What is there to say about this film that has not already been said? It is a spoof, a send-up of racists and racism, and so subversive it using racist language (nigger and so on) to do so. Some of the jokes are very much rooted in the time of the film – satire so often depends on contemporary culture – yet the theme is timeless. It is a barrel of laughs from the start to the finish. It also mocks Westerns, small town-America, politics, the film industry, and so much more. Most of the satire feels like good-natured banter – except when it comes to the racism, where there is I think just a touch of a more scornful edge.

It is not just funny, it is silly. It starts silly and gets sillier and sillier as it goes. Just when one thinks the film cannot possibly get more absurd, Mel Brookes manages to smash through the boundaries of reality once again. It is quite possible this relentless idiocy of genius will put some people off this film, and that is fair enough.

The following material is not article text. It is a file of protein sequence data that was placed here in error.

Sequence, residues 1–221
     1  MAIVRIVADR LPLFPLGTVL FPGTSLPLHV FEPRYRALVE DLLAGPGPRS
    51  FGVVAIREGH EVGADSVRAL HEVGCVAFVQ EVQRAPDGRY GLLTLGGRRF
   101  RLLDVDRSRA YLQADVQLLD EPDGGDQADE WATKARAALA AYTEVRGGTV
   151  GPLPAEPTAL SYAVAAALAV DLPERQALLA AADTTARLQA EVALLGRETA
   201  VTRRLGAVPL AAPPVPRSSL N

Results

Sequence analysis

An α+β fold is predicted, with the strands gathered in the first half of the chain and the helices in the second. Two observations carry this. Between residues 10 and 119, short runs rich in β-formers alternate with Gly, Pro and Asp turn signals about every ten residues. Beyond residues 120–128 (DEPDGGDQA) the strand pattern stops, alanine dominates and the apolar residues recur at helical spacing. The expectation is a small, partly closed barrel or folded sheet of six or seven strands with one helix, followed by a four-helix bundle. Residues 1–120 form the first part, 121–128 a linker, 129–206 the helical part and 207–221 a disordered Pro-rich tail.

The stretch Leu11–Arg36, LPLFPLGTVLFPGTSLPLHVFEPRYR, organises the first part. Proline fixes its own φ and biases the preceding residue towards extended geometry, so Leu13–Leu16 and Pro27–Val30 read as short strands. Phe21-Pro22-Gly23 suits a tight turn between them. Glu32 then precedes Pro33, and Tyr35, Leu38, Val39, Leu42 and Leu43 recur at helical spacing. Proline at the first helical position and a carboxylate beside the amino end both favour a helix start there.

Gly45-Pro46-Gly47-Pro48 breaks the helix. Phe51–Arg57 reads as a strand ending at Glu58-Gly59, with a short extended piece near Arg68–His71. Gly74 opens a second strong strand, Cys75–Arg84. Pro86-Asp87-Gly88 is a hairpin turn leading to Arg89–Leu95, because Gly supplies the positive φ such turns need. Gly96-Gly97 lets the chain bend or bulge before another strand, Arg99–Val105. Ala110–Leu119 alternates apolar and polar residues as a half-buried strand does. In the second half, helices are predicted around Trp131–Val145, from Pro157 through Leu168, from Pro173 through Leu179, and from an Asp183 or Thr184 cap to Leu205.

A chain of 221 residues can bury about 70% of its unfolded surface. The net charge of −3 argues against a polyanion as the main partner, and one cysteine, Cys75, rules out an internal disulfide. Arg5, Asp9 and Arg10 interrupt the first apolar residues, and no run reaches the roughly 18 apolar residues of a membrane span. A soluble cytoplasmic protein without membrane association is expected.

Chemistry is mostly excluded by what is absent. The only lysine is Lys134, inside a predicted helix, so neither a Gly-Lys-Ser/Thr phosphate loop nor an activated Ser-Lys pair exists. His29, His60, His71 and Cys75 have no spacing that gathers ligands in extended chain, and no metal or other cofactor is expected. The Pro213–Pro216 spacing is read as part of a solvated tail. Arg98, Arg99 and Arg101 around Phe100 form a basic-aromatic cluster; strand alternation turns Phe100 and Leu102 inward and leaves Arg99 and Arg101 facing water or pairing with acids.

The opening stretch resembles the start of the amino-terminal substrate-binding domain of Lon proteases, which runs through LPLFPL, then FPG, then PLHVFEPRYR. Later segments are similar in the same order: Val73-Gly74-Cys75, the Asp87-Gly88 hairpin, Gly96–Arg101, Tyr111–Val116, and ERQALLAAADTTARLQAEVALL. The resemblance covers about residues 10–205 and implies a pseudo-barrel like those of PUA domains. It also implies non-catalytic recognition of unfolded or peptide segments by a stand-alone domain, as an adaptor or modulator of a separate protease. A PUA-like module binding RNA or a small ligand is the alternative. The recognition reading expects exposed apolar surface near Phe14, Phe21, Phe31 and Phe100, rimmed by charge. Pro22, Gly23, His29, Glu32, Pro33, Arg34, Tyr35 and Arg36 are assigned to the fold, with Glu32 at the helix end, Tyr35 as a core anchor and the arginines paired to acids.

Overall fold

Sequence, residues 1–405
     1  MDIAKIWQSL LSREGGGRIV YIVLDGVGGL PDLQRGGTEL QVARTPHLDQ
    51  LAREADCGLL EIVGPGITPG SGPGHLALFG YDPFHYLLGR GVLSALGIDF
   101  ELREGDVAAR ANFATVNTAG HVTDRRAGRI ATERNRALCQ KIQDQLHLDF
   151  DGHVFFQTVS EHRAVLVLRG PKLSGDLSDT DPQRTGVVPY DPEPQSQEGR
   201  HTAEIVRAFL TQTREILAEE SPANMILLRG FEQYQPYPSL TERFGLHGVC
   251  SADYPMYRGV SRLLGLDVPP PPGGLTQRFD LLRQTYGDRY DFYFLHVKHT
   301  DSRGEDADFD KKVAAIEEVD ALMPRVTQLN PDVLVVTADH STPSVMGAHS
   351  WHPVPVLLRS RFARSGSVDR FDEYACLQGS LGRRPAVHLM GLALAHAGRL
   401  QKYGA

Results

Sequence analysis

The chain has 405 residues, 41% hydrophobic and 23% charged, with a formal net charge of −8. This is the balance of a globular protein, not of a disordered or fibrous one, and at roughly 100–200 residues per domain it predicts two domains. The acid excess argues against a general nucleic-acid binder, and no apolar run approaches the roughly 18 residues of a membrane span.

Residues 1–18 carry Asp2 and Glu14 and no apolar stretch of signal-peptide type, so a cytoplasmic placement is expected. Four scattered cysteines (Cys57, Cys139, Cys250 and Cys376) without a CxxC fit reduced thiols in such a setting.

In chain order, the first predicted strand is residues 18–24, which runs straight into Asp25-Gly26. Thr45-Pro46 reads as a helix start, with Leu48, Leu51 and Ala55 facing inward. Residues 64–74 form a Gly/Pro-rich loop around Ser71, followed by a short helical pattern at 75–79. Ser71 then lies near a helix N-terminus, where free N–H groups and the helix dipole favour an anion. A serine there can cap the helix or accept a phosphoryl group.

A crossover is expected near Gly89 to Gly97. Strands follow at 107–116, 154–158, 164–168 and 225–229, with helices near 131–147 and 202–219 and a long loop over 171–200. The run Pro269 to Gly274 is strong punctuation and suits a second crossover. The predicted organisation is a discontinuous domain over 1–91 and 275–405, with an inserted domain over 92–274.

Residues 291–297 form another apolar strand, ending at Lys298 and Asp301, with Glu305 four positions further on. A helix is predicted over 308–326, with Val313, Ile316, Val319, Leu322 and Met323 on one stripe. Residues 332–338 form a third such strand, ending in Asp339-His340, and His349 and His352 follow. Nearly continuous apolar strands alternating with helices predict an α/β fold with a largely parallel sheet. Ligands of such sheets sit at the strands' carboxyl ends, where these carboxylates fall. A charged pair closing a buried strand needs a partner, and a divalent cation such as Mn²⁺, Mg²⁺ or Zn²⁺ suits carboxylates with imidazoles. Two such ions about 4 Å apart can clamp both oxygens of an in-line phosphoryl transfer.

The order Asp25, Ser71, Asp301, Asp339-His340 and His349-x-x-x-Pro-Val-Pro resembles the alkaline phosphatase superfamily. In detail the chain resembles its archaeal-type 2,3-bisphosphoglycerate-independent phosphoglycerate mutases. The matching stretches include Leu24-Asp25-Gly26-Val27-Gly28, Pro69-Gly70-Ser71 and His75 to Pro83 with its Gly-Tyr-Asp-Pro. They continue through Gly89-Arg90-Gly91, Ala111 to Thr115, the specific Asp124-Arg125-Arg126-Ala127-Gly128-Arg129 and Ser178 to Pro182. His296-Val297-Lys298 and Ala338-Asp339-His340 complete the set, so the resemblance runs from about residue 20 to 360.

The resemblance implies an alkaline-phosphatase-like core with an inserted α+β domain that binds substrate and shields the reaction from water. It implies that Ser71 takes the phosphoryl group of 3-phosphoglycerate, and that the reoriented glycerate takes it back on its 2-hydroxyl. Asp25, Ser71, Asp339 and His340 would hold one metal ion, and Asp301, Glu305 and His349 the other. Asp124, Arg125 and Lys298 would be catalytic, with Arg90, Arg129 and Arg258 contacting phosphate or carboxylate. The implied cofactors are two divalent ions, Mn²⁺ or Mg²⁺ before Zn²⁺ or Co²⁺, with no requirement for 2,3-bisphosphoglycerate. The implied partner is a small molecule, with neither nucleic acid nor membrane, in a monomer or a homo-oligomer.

For those that do not know the – very loose – plot of the film is a corrupt politician wishes to make some townsfolk up and leave so he can profit from a railroad going through their town. To do so he hires some bandits who do in the old sheriff. He then arranges to appoint the first black sheriff in the hopes this will do disgust those common folk they will up and move. The rest is, as their say, film history.

It is a film I had watched several times before, and liked. I do not know why I started watching it again – no doubt because I was bored. I enjoyed myself, and after the film had finished I realised something – I had spent minutes just laughing. Laughing loud and clear, at times so utterly creased up with laughter I had started to cough because I was not breathing quite properly. For a few minutes this film managed to transport me to a place where I was not staring out at (what seemed to me) to be a wrecked life with no hope of recovery.

The euphoria did not last – it could not. I was still deep in depression, after all. The memory of the euphoria remained however, and I rewatched the film several times over the next few months. Just as much as M became so vital to my recovery, so did Blazing Saddles. Given half a chance I can now recite large portions of the dialogue (this may not be a good thing for those in my vicinity) and I still smile when I think of my many favourite scenes.